…To Mentor Others Who Live with Limb Loss
Leslie writes a blog (onelifeonelimb.com) and mentors others living with limb loss. Many people that Leslie works with are newly injured. But not all.
“In the last year, I’ve mentored a young woman — she’s 16 — who was born without her leg,” Leslie says. “Her experience is a little more similar to mine, being a child and growing up with limb loss. But being a teenager with limb loss is challenging. It wasn’t new for her, but adolescence is new to her. Any time we’re physically different, people tease you.”
One of the first challenges, Leslie notes, is to build trust.
“Just because we have this commonality doesn’t mean they’re going to instantly put themselves out there,” she says. “Every introduction is a little awkward, and you have to feel it out about how forthright are they going to be, or how forthright I should be. I let them lead.”
Leslie says her skills as a nurse can help her to start by assessing the situation objectively.
“And then once they start talking, I go into ‘Me’ mode,” she explains. “’We’re peers: I have limb loss, you have limb loss.’ It’s not like we instantly become best friends, but I think so many people are so overwhelmed with questions and the unknown that I think there’s a lot of trepidation on their part.”
Leslie adds that she doesn’t give out legal or medical advice. Instead, she listens and then encourages her new friend to check with a medical professional, for instance, if a prosthetic is causing pain.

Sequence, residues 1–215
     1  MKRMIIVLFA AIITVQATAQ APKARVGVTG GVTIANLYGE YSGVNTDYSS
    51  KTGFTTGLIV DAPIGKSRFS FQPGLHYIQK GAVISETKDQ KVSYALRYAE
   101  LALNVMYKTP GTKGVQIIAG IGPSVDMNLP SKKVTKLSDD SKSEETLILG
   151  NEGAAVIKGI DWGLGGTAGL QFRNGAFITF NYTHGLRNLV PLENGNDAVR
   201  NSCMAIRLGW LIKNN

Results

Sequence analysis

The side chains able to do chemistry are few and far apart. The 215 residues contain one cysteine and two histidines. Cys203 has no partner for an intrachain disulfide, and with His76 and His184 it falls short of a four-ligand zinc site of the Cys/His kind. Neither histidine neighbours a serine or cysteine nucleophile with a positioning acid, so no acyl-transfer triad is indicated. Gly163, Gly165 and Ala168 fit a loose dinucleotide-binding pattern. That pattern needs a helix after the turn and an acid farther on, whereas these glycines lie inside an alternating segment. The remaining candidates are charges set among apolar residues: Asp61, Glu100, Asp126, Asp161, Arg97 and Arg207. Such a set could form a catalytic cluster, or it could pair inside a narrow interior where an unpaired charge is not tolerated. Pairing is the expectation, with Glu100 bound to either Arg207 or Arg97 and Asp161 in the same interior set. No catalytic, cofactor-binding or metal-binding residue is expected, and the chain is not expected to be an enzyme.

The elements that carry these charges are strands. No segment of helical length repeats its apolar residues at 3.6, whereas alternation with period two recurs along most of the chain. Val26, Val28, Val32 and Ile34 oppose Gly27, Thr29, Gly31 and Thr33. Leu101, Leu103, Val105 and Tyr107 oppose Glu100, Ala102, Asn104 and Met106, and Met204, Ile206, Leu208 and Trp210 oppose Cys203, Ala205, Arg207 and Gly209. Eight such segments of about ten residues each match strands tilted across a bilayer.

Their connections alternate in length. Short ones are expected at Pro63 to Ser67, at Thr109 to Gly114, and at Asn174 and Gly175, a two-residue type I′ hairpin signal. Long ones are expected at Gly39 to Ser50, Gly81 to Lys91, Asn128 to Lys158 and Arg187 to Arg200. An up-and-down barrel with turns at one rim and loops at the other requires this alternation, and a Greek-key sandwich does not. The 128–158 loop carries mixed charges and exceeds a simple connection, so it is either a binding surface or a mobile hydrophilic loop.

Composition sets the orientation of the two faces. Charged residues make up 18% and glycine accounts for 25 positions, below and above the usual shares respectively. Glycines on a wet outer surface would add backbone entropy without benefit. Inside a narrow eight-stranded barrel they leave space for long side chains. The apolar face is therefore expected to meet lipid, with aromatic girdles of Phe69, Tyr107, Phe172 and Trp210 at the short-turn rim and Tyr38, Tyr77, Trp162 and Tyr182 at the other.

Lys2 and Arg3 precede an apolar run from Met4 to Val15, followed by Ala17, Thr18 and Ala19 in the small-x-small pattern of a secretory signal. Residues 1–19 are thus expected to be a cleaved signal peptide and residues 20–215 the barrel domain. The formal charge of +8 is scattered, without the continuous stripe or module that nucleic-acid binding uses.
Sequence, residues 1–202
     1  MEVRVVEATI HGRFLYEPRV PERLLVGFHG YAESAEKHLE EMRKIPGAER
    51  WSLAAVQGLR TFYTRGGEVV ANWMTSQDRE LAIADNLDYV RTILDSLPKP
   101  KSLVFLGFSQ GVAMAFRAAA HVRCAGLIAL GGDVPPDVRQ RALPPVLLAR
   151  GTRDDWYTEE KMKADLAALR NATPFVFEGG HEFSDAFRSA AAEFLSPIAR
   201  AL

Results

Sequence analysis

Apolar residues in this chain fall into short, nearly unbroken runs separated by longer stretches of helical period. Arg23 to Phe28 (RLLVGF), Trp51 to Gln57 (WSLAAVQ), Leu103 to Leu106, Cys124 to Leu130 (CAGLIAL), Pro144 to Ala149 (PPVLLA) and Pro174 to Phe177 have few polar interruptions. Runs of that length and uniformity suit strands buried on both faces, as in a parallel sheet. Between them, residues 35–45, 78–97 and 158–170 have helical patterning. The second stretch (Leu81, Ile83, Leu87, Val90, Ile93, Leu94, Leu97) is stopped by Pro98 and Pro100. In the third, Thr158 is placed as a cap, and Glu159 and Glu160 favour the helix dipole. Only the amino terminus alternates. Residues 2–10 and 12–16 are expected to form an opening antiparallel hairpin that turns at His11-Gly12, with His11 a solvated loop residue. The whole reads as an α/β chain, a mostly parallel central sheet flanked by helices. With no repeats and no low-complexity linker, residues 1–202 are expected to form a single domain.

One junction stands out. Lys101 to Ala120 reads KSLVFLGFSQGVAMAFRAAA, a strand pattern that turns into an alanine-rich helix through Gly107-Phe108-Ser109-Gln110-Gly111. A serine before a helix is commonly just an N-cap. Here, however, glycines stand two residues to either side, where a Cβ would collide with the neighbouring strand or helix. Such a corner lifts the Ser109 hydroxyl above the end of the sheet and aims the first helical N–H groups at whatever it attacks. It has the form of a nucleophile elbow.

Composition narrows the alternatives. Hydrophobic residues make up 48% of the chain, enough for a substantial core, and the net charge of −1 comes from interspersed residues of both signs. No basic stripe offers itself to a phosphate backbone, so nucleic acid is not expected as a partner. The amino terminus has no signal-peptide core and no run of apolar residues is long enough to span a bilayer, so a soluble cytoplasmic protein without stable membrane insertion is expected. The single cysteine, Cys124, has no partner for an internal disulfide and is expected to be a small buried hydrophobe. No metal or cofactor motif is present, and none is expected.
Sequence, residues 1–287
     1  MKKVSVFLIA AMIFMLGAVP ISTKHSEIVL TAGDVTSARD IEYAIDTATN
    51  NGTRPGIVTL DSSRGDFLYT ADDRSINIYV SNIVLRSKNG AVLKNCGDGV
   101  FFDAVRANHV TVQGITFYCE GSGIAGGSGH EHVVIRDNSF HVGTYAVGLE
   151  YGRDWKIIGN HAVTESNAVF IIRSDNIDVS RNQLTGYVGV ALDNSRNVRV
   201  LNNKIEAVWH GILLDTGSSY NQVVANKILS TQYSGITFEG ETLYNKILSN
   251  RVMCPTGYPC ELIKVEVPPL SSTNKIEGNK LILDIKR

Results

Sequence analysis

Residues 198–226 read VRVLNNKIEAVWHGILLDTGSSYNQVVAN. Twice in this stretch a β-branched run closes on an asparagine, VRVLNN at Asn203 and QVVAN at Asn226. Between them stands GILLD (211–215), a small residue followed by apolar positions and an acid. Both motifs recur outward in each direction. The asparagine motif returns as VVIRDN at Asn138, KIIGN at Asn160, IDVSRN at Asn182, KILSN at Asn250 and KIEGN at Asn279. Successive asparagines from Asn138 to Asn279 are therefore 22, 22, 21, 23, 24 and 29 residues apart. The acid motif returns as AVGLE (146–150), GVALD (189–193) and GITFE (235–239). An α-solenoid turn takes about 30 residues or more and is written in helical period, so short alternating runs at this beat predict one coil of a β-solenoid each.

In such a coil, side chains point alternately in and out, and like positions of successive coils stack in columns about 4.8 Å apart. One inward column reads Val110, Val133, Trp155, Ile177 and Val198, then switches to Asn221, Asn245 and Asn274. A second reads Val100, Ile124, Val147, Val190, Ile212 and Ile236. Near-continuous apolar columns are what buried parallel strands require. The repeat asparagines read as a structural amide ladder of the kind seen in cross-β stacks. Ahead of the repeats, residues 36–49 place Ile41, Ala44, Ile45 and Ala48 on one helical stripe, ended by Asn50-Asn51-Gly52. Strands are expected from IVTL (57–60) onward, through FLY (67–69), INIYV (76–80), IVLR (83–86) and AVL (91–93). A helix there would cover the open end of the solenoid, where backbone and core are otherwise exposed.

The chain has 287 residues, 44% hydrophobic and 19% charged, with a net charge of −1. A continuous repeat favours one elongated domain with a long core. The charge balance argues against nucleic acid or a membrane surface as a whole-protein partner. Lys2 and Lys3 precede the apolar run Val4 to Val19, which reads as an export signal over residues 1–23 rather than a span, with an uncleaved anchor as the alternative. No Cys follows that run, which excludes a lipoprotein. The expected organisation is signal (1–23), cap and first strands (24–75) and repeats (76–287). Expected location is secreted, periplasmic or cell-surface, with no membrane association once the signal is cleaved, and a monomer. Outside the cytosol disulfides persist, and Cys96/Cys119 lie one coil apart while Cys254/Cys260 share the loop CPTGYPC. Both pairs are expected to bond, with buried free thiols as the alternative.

“I hear a lot of ‘Is it normal to have to wait for my pain medications?’ and ‘I’m getting a lot of phantom pain,’” Leslie says. She then suggests, “Talk to your doctor, talk to your nurse, talk to your prosthetist. If you’re feeling that you’re not getting what you need, talk to somebody.”
Regarding pain issues, Leslie says, “I absolutely say it’s not normal. You do have pain, especially post operatively or post amputation. But it’s manageable, and that’s what I know as a nurse. If it’s out of control, speak up.
“People I meet when they’re getting fit with their prosthesis or when they’ve had a prosthesis and it’s not working or not comfortable, that’s again when I say it is OK to go to somebody else. You have to speak up.”
The possible questions are infinite, Leslie says: “’Do I wear my leg when I sleep? What do I do when I get up in the middle of the night and have to go to the bathroom? What do I do for work?’ It’s very much an open dialogue. Sometimes the family will be there, and family members will have a lot of questions.” And mentoring relationships are ongoing, Leslie says, as people encounter new situations.